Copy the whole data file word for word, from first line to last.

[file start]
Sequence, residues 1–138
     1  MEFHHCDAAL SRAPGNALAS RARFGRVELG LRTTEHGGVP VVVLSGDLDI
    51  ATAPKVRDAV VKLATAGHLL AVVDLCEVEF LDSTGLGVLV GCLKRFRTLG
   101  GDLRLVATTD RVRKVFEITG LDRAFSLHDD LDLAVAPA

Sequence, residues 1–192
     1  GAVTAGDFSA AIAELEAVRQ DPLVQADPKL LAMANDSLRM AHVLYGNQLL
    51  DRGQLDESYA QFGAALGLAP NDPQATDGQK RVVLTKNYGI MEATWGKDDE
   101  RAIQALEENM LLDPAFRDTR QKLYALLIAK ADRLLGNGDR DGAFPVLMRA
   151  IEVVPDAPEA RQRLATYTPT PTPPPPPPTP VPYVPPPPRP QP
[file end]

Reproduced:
Sequence, residues 1–138
     1  MEFHHCDAAL SRAPGNALAS RARFGRVELG LRTTEHGGVP VVVLSGDLDI
    51  ATAPKVRDAV VKLATAGHLL AVVDLCEVEF LDSTGLGVLV GCLKRFRTLG
   101  GDLRLVATTD RVRKVFEITG LDRAFSLHDD LDLAVAPA

Sequence, residues 1–192
     1  GAVTAGDFSA AIAELEAVRQ DPLVQADPKL LAMANDSLRM AHVLYGNQLL
    51  DRGQLDESYA QFGAALGLAP NDPQATDGQK RVVLTKNYGI MEATWGKDDE
   101  RAIQALEENM LLDPAFRDTR QKLYALLIAK ADRLLGNGDR DGAFPVLMRA
   151  IEVVPDAPEA RQRLATYTPT PTPPPPPPTP VPYVPPPPRP QP